But…no.

It made an interesting painting at that point, with the red; I even had a title and a sort of alternate life for it.  But it wasn’t a painting I cared about.  When push came to shove, I decided to press on.

I spent a LOT of time looking, putting it aside, then pulling it out and looking some more.  I repeatedly painted over passages that I liked because they weren’t right for what was developing.  After I’d covered over the red I felt a strong connection with this painting and knew I’d be pursuing it, whatever it took.  Slowly it came into focus, but the final refinements still took a long time and lots of consideration.

Why am I telling you all this?  Must not be very fascinating to read, I’m sure.  But I’m having this experience increasingly – not with all my paintings, but with more and more of them.  Especially the Carbon series.  I’ve had several of those sitting in the stew pot for months now.  I believe it’s because:

  • I have a clearer sense of what I want;
  • I have a clearer sense of what I can do;
  • I have a clearer sense of how to do it; and
  • I’m not willing to put up with less.

So that’s progress, I’d say.  It’s a slow-moving but important development.  It’s changed my tempo in the studio, the varieties of control available to me, the depth of satisfaction I feel.  My commitment is deepening.  Which is good, because not everybody is going to like the direction revealed by works like Rough Trade.  So be it.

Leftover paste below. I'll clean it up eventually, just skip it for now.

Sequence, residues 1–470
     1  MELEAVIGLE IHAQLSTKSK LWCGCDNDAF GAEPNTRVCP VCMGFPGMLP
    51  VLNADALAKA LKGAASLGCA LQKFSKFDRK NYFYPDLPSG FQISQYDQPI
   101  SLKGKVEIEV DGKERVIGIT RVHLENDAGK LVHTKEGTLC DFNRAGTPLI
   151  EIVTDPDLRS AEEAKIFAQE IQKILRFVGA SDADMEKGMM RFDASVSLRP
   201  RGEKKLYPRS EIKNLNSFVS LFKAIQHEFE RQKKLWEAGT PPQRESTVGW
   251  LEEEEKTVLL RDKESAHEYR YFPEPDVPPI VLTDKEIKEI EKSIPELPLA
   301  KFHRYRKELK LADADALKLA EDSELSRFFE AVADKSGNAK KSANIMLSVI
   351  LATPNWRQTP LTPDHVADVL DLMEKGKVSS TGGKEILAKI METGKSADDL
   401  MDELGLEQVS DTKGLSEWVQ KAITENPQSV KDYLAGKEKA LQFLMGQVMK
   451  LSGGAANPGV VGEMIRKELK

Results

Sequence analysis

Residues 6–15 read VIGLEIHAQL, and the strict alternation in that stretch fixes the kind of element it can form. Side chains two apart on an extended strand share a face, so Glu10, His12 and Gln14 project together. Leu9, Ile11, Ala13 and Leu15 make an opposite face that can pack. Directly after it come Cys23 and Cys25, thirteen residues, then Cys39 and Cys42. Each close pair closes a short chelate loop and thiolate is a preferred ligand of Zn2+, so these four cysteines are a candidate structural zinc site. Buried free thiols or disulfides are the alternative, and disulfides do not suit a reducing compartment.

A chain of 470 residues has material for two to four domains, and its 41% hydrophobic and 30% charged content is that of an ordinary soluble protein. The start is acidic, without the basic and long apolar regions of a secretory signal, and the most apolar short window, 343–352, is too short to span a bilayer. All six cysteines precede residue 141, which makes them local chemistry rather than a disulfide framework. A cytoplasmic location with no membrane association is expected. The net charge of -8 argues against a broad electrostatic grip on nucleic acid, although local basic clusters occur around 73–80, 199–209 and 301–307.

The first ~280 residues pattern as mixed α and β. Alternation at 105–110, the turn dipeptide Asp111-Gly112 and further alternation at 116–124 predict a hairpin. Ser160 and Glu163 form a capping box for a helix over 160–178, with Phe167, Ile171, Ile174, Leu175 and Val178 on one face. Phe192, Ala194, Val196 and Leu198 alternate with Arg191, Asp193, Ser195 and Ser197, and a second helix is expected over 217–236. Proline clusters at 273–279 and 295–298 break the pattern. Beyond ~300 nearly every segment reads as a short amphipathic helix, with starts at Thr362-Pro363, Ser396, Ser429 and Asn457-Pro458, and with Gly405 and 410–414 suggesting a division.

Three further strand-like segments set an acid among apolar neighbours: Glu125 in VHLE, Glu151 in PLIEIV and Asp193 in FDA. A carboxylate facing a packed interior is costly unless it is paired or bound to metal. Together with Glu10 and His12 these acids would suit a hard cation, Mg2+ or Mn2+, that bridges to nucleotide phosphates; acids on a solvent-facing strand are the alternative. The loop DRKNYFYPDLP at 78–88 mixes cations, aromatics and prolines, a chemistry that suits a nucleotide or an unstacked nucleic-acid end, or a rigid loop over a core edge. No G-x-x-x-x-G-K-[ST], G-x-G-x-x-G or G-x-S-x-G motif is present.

Mandalas

"Mandala IV" - Carraher 2021

Mandala IV
2021.  Acrylic on canvas. 12 x 12 in.

So there’s 12 of them so far, these mandalas.  I’d been working on them in late winter and spring, then actually set them aside a number of weeks ago.  I needed some distance before assessing.  Looking at them now, I believe several need more work.  We’ll see how that turns out.  But I’m feeling reasonably confident now that I’m on a worthwhile track.

Obviously I’m not staying with what is more popularly understood as a mandala, a “geometric configuration of symbols”.  I’m eschewing symbols completely, and “geometry” would apply in only the loosest interpretation of the term.  The idea of an “aid to meditation and trance induction” is maybe closer to the mark.  Whatever, as usual my approach is more poetic than academic, and the discovery of the purpose of my projects often comes after they are begun, not before.

Anyway.  Color is the founding and guiding element of these mandalas, and this particular one goes further than most of them in use of color.  But I should warn you that it was a challenge to reproduce the original colors digitally and this result is frankly exaggerated.  The actual painting is a little more subdued.  Satisfying, though.